The South American Monsoon System is responsible for the majority of precipitation in the continent, especially over the Amazon and the tropical savannah, known as ‘Cerrado’. Compared to the extensively studied subtropical and temperate regions the effect of the Medieval Climate Anomaly (MCA) on the precipitation over the tropics is still poorly understood. Here, we present a multiproxy paleoprecipitation reconstruction showing a consistent change in the hydrologic regime during the MCA in the eastern Amazon and ‘Cerrado’, characterized by a substantial transition from humid to drier conditions during the Early (925-1150 C.E.) to Late-MCA (1150-1350 C.E.). We compare the timing of major changes in the monsoon precipitation with the expansion and abandonment of settlements reported in the archeological record. Our results show that important cultural successions in the pre-Columbian Central Amazon, the transition from Paredão to Guarita phase, are in agreement with major changes in the hydrologic regime. Phases of expansion and, subsequent abandonment, of large settlements from Paredão during the Early to Late-MCA are coherent with a reduction in water supply. In this context we argue that the sustained drier conditions during the latter period may have triggered territorial disputes with Guarita leading to the Paredão demise.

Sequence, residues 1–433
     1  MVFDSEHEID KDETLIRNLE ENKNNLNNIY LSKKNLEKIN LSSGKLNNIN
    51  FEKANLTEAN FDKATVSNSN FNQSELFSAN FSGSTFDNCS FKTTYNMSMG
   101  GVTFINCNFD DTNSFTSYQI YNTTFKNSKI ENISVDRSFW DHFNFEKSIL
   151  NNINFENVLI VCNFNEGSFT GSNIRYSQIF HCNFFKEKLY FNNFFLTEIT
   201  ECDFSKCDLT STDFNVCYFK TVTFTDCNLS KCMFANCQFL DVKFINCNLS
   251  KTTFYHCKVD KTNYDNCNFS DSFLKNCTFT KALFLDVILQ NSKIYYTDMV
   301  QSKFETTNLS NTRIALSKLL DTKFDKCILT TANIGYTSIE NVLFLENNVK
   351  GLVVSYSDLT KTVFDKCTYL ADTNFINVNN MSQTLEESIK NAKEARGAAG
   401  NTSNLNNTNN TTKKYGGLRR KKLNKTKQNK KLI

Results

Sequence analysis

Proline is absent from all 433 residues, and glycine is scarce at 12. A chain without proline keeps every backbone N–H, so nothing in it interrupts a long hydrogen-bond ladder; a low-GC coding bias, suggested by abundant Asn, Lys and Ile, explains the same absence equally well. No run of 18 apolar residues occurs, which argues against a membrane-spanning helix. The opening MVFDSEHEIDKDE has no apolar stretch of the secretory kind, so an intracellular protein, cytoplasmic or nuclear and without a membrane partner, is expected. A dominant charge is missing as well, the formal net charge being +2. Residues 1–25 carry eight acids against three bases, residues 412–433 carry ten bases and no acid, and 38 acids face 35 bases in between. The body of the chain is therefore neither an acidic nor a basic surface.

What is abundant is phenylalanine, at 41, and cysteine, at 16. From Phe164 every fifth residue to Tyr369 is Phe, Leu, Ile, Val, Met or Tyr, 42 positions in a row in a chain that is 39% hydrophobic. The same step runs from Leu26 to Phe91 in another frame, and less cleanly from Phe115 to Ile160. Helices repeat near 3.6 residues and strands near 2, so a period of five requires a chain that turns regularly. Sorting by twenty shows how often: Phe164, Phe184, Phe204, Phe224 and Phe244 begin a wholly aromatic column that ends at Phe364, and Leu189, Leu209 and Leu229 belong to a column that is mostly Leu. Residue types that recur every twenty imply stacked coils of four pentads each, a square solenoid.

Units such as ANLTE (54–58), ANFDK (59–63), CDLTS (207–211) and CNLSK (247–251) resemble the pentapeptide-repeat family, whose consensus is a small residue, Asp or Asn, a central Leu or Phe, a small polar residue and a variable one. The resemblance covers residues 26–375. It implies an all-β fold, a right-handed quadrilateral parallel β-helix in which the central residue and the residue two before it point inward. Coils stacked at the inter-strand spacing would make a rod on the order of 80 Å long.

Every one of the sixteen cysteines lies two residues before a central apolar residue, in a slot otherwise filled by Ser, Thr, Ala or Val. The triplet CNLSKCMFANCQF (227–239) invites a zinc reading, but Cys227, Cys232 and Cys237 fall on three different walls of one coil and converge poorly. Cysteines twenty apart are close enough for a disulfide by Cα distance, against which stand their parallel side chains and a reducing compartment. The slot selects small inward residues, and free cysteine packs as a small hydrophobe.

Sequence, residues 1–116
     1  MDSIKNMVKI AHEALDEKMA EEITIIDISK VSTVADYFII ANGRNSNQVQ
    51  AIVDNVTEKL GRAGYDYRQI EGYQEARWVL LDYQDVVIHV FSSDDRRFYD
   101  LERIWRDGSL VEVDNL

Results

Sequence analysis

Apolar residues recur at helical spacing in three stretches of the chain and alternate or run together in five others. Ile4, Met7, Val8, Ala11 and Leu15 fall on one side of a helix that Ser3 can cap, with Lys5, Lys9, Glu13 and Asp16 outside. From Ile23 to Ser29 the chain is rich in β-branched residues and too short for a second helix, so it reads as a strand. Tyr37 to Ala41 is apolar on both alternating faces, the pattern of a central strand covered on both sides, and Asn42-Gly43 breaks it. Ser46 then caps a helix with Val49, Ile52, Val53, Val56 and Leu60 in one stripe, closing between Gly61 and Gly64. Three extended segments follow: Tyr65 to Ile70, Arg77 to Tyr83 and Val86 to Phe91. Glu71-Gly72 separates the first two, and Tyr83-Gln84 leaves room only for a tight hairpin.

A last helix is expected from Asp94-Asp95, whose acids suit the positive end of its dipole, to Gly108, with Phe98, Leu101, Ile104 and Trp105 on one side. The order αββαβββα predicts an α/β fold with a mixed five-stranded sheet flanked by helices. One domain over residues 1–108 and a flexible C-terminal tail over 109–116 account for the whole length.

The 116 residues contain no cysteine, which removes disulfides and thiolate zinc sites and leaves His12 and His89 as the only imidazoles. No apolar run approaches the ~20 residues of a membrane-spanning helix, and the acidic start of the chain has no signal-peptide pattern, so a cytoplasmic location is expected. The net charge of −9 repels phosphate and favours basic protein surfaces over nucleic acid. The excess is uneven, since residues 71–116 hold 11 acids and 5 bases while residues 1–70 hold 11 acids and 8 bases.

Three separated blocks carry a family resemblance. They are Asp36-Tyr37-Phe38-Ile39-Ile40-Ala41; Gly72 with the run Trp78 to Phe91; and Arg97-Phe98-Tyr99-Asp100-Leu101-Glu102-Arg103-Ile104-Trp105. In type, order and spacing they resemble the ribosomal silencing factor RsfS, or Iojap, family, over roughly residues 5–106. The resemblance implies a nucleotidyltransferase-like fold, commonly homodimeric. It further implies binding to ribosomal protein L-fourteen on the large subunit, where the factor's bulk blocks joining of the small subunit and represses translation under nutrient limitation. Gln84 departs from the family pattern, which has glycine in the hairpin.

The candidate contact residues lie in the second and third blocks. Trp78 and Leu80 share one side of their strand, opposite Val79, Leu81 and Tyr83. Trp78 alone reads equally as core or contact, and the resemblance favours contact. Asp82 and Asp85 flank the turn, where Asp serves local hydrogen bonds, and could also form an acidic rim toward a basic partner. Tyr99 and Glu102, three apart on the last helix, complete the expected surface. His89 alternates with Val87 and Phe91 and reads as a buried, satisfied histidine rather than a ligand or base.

Bibliographical noteFunding Information:
We thank A. Barros, Y. Ning and I. Pedron for their support during the stable isotope data acquisition at the University of São Paulo and dating analyses at the Xi’an Jiaotong University. We thank A. Auler, S. Carolin, J. Watling, V. Novello and an anonymous reviewer for their suggestions regarding the manuscript. We are grateful to Instituto Brasileiro do Meio Ambiente/Instituto Chico Mendes de Conservação da Biodiversidade (IBAMA/ ICMBio) for permission to collect stalagmite samples. This work was supported by FAPESP (Grants 2017/50085-3 PIRE NSF-FAPESP and 2016/02656-9), CAPES (AUXPE PREMIO 2043/2014 to R.A.S. and Master Fellowship to V.A.), CLIMATE-PRINT-UFF Project (CAPES grant 88887.310301/2018-00), NSF grant OISE-1743738 and CNPq (Grants 423573/2018-7 and 426258/2016-9).